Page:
Hearing Loss Facts

You may think of hearing loss as a problem affecting the elderly, but this simply isn’t the case. In reality, more than half of the 38 million American adults affected are under the age of 65. A number of factors may contribute to hearing loss including natural aging, excessive noise exposure, impacted earwax, trauma or injury, disease and ototoxic medications. Hearing loss affects people of all ages.

There are two main types of hearing loss. Conductive hearing loss affects the middle ear structures including the ear canal and eardrum. It is often the result of treatable conditions such as earwax buildup, ear infections, trauma and abnormal growths. Sensorineural hearing loss, the most common type, occurs in the inner ear and is the result of nerve damage. It may be caused by noise exposure, diseases, tumors, hereditary factors and presbycusis (natural aging). While sensorineural hearing loss is not curable, it is usually successfully treated with hearing aids. Occasionally, mixed hearing loss – a combination of both types – may occur.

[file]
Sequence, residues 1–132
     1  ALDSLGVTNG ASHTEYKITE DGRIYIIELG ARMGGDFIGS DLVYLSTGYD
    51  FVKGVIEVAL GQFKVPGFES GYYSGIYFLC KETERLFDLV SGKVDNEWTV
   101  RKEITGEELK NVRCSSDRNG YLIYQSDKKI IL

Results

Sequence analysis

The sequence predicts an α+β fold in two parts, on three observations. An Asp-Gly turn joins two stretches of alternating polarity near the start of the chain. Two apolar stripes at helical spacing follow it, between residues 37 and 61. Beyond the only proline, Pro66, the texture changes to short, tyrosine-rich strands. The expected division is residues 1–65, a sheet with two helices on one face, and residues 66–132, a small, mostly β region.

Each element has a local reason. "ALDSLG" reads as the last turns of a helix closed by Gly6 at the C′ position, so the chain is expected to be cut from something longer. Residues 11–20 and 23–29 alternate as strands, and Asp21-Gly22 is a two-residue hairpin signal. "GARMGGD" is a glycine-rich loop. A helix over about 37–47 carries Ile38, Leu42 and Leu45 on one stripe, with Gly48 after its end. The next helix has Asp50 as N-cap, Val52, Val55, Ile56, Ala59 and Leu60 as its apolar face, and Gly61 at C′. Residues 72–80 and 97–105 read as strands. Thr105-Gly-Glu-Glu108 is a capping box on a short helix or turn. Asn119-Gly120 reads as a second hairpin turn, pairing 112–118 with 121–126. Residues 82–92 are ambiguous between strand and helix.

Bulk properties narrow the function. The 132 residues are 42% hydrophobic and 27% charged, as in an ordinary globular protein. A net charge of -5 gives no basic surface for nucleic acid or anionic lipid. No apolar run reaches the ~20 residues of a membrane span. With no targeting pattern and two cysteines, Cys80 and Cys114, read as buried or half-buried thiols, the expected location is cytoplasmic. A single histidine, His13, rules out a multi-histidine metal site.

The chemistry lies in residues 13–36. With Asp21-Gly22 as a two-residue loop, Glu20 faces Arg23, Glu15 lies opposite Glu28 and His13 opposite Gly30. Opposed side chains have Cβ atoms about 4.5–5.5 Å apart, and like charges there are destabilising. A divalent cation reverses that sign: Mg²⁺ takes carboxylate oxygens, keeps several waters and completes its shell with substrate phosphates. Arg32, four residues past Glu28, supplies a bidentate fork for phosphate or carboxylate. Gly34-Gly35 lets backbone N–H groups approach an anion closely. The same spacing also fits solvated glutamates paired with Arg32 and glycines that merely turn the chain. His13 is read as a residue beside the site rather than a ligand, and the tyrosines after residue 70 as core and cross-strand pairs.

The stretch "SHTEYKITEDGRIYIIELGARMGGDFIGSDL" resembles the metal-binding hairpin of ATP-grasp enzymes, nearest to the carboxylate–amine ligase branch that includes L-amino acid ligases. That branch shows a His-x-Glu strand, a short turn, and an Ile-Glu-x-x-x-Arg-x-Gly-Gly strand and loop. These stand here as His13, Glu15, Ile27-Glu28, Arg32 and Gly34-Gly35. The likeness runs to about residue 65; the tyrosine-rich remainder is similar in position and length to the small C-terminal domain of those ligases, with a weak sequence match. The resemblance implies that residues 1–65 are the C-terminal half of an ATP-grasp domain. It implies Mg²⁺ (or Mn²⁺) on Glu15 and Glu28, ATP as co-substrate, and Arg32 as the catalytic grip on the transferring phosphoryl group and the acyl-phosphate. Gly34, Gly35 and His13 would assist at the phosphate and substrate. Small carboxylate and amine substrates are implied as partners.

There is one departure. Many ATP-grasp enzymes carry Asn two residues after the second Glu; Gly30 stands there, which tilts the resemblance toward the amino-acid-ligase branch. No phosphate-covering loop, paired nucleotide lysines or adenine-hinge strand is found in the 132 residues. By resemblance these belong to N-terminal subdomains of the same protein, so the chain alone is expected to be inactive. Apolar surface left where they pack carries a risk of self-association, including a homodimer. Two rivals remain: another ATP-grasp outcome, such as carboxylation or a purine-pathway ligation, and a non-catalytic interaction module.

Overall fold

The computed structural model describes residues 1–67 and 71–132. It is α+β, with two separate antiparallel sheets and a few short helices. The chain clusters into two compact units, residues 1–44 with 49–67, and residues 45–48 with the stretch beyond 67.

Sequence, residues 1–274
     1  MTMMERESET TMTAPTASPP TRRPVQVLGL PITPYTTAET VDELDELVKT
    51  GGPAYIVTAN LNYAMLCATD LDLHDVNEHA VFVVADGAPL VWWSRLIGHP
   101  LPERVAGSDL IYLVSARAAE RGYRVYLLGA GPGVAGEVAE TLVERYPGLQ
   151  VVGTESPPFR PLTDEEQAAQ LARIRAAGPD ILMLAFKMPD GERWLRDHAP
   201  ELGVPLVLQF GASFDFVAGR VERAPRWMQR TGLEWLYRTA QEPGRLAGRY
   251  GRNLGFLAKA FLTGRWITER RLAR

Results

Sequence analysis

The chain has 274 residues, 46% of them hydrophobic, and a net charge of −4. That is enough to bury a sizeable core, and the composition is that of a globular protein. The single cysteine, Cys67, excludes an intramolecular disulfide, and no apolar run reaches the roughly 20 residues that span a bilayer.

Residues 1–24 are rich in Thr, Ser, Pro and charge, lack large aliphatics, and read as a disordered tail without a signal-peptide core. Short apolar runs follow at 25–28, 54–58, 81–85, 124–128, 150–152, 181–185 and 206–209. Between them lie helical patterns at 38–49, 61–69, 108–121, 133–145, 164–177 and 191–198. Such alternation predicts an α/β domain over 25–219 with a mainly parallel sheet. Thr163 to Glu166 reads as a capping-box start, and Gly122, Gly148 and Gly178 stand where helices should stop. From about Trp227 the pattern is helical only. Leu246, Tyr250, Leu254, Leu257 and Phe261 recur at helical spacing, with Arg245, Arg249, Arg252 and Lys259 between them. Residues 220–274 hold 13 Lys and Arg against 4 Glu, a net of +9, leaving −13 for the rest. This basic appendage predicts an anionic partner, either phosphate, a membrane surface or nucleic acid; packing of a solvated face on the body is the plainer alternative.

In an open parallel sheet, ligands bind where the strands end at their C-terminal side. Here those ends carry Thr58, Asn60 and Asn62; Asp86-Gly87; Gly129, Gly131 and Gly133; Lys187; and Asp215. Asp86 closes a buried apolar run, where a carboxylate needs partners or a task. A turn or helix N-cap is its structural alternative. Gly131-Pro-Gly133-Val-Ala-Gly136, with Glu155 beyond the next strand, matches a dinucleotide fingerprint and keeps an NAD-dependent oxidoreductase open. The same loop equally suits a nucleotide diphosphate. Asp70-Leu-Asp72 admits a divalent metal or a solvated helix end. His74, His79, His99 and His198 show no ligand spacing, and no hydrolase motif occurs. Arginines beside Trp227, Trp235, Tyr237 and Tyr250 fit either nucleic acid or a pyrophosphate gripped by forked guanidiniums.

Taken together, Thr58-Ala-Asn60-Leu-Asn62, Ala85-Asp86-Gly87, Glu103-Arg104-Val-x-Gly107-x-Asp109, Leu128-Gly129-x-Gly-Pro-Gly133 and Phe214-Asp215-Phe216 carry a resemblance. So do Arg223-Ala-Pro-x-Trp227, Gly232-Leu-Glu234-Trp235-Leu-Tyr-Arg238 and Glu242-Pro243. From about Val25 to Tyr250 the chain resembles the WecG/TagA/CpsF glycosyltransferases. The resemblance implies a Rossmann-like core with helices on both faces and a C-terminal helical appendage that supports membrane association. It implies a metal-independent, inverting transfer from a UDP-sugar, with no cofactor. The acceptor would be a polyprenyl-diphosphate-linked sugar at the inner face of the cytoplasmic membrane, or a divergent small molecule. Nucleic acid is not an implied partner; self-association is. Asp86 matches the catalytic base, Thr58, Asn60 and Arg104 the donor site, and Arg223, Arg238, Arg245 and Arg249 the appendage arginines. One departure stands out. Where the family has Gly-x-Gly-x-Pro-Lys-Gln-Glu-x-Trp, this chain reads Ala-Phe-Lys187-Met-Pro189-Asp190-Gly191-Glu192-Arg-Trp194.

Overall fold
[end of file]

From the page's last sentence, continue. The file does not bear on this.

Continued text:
Hearing loss is measured in degrees, and ranges from mild (soft sounds are easily understood) to profound (anything under 90dB is hard to hear). High frequencies are usually the first to go, making speech difficult to understand even when heard correctly. It is estimated that only 1 out of every 5 people who would benefit from hearing aids actually wears them.

Hearing impaired individuals who cannot benefit from hearing aids may be eligible for cochlear implants. These devices enable even the profoundly deaf to communicate.